By Lisa Rapaport
(Reuters Health) – Infants and preschoolers who gain weight rapidly may have higher-than-average high blood pressure later in childhood, a U.S. study suggests.
The relatively small differences in blood pressure linked to rapid weight gain for youngsters in the study may be tied to an increased risk of other health problems in young adulthood, such as high cholesterol or elevated blood sugars, say the authors of the study.
The researchers tracked changes in weight and height for 957 babies up to age four and found the children who gained excessive weight for their height, as reflected by higher body mass index (BMI), tended to have higher blood pressure than peers at ages 6 to 10 years.
Each additional increment of BMI gained as an infant or toddler was linked to an increase of about 1 to 1.5 mmHg (millimeters of mercury) in systolic blood pressure.
“Previous studies have emphasized the importance of rapid weight gain in early infancy in determining later blood pressure; the current study adds to emerging data that weight gain during the preschool years is at least as important as infancy weight gain in relation to blood pressure,” said senior study author Dr. Mandy Belfort of Brigham and Women’s Hospital in Boston.
Linear growth – when children add pounds at a steady pace – doesn’t appear to be a problem for childhood blood pressure, Belfort added by email. Instead, the culprit may be sudden surges in weight that aren’t matched by increases in height.
“Our finding that gain in body mass index, not linear growth, predicted later blood pressure suggests that more rapid accumulation of fat may be important,” Belfort said. “Our research does suggest that more is not always better when it comes to weight gain in babies.”
Belfort and colleagues reviewed data from medical records starting when babies were born. On average, the kids were around 8 years old at the mid-childhood checkup, with average systolic blood pressure (the top number) of 94.4 mmHg and average diastolic blood pressure (the bottom number) of 54.3 mmHg.
While ideal blood pressure for children at any given age varies by gender and height, this average for 8-year-olds would be in a range generally considered healthy.
High blood pressure is harder to detect in children than in adults. In adults, 140/90 or greater is considered high. There’s no single cut-off in children, however. In general, children with blood pressure higher than 95 percent of children of the same gender, age and height can be diagnosed with high blood pressure. Since children’s blood pressures will vary greatly based on these factors as they’re growing up, there is no set range that defines normal or high.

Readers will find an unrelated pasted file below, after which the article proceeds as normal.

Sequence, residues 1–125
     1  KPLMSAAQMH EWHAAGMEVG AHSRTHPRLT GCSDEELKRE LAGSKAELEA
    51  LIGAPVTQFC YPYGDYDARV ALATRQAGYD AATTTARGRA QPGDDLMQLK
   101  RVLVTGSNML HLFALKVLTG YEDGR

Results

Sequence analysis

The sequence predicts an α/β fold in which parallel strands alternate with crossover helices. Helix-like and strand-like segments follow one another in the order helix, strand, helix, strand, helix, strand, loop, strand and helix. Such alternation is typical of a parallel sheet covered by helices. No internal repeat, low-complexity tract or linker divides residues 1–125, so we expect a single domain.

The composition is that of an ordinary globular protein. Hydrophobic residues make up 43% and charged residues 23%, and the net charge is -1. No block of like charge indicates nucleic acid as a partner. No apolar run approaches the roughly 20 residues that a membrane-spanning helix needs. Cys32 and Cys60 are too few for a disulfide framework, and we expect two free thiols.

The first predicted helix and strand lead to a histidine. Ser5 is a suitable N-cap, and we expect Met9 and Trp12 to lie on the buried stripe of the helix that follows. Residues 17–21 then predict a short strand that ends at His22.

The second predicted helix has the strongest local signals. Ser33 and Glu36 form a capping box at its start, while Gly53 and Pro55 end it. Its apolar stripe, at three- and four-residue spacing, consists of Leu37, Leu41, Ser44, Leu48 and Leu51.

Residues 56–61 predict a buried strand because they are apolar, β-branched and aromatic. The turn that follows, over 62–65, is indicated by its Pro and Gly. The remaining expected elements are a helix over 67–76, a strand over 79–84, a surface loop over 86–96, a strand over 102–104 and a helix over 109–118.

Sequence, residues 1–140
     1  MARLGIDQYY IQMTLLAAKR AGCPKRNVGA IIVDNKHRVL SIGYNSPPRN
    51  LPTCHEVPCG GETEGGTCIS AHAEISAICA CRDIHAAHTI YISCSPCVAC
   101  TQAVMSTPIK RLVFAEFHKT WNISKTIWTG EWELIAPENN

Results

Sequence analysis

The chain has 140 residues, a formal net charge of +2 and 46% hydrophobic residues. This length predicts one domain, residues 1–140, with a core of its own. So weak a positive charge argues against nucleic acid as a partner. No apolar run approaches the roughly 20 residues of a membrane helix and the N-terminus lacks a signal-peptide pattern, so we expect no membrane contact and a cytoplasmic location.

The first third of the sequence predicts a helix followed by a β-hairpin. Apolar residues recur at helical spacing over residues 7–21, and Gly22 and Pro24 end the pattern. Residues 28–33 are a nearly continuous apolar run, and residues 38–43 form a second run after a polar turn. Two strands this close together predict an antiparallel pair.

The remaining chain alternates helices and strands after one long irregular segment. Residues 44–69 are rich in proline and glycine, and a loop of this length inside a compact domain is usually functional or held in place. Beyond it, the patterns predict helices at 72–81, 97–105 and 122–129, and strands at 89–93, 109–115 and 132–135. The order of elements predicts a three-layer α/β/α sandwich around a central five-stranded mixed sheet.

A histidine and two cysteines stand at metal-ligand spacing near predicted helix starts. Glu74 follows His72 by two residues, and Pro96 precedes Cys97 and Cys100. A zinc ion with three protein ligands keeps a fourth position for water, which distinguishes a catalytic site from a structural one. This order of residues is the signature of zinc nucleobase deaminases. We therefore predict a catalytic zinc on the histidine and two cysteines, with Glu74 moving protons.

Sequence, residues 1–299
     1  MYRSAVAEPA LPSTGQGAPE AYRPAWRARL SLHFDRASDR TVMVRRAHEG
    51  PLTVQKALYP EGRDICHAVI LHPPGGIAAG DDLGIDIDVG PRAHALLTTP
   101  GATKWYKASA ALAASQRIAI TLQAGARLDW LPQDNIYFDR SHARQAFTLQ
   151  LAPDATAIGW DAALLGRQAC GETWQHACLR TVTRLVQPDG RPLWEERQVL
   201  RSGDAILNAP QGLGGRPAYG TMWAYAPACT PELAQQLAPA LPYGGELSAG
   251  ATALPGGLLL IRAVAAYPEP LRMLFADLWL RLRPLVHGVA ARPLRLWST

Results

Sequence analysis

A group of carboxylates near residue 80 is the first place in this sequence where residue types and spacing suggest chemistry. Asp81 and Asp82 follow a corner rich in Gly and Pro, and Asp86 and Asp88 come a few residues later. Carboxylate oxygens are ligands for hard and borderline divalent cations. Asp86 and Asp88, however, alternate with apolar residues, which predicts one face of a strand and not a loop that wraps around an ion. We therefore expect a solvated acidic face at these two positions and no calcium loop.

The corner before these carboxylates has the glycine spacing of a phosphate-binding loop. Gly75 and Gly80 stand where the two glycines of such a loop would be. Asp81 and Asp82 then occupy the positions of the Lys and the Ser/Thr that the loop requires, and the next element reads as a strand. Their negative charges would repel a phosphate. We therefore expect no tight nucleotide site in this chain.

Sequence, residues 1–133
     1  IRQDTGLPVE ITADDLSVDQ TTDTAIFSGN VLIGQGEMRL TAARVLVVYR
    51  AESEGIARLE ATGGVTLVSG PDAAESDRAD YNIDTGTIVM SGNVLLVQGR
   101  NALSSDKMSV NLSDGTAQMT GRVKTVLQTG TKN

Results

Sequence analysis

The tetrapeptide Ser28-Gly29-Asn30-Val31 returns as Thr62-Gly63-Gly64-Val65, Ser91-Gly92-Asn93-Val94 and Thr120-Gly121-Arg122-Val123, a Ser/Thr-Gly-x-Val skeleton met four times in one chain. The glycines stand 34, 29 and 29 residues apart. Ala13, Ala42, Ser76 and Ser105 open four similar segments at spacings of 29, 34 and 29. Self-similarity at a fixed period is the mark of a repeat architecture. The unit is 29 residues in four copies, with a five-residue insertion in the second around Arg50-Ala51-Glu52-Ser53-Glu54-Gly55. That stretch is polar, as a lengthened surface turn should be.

Kids in the study who experienced unusually large surges in BMI before 6 months of age or between ages 2 and 3 years had higher systolic blood pressure in mid-childhood then their peers who experienced steadier growth throughout those periods.
The magnitude of the increase in systolic blood pressure was larger for the preschoolers than the infants, the study also found.
Birth size didn’t appear to influence the results.
One limitation of the study is that it can’t prove that rapid increases in BMI directly caused higher blood pressure, only that there was a connection between the two things, researchers acknowledge in the journal Hypertension.
Still, the findings support recommendations that mothers breastfeed infants until age 6 months because this is linked to less weight gain than formula feeding, noted Caryl Nowson, a diet and nutrition expert at Deakin University in Australia who wasn’t involved in the study.
Once young children move on to solid food, parents should avoid giving kids soft drinks and limit consumption of fruit juice, both of which can contribute to weight gain, Nowson added by email.
SOURCE: http://bit.ly/1WAWRTa Hypertension, online December 7, 2015.
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